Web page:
How much data will you be changing? If you're going to be poking a relatively small amount of data, then BufferSubData is the way to go. If you're uploading large quantities of new vertex data, I suggest the streaming VBO route. BufferSubData requires an extra copy of your vertex data to be done on the CPU, which will hurt if you're generating lots of new geometry. For small quantities, the extra work does not really matter. It is also sometimes found to be faster because that copy can be done immediatly, rather than waiting for outstanding rendering on the buffer object to complete. For MapBuffer, follow the pattern in Listing 8-3. The advice is solid on all platforms. The key is calling BufferData(NULL) before MapBuffer(WRITE_ONLY). That informs the OpenGL implementation that the old contents of the buffer do not have to be maintained, avoiding that synchronization. It also avoides BufferSubData's extra copy.
  6. glVertexArray

    You need to enable the color array, just like you did for the vertex array. glDrawArrays should be glDrawArrays(GL_TRIANGLES, 0, 3)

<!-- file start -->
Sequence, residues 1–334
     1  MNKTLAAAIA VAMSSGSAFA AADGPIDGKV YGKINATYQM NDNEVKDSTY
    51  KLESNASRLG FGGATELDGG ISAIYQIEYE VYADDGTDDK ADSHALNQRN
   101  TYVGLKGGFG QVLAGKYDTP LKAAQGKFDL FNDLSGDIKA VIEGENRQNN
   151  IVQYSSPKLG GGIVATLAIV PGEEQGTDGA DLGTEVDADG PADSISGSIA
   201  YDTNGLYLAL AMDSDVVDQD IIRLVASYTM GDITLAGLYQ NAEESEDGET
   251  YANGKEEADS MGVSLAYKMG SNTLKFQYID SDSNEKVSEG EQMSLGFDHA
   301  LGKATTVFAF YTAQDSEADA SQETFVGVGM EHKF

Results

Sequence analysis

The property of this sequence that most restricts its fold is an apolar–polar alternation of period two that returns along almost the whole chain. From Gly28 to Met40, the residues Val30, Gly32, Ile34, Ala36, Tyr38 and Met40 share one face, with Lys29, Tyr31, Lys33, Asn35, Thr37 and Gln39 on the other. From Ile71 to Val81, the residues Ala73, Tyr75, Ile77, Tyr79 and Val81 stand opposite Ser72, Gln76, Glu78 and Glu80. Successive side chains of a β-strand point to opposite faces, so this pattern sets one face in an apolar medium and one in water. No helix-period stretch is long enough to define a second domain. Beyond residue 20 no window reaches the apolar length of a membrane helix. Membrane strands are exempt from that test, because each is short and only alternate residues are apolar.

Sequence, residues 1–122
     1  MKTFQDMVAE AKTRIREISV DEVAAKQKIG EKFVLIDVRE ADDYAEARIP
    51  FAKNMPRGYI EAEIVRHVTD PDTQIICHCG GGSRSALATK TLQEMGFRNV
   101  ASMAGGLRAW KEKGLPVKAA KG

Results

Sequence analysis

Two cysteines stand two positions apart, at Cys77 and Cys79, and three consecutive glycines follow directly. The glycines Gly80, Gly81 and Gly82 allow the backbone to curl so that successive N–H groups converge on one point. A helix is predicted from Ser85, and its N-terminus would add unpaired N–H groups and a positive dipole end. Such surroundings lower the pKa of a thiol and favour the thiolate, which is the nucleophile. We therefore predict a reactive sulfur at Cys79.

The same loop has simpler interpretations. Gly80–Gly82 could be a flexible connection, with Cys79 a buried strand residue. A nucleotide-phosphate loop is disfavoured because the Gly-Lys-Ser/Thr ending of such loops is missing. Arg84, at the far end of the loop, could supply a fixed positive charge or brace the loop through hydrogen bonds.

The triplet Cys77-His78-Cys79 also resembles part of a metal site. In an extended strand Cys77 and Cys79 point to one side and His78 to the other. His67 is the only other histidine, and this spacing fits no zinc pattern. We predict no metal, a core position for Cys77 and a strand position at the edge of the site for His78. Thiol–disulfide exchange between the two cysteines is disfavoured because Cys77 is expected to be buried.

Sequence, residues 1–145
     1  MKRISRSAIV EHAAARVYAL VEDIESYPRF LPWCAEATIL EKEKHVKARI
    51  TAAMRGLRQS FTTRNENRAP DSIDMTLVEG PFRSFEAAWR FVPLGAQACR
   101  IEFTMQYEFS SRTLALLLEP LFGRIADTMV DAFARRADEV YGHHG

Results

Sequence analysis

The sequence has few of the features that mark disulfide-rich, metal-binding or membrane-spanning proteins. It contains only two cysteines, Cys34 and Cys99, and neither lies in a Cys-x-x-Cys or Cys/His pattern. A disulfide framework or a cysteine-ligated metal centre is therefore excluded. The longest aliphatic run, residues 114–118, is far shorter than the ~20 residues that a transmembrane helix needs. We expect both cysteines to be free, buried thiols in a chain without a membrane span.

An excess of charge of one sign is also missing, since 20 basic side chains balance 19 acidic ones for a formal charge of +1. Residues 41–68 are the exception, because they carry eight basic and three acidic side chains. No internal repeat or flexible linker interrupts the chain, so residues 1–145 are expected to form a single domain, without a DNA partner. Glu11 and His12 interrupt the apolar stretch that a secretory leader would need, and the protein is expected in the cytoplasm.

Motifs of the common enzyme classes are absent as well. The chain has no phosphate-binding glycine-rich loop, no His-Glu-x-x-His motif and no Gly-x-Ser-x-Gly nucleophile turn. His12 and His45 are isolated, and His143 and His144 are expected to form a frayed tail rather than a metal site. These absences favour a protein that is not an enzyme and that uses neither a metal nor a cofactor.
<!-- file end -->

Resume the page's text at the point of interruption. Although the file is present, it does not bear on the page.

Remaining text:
7. OpenGL Shaders without CG ?

    Why would you use CG when you could use GLSL directly? The new shader model features are available both via extensions to GLSL and extensions to the ARB program languages.
  8. writing to texture in shader?

    The FBO spec explicitly states that rendering to a texture and sampling from it at the same time will cause undefined results. The fact that Renderer A seems to fall to SW, and renderer B seems to work OK, is irrevelant. Both behaviors are correct, and both implementations can change to entirely new, unpredictable behavior later (such as, with a driver update). You MUST double buffer the texture.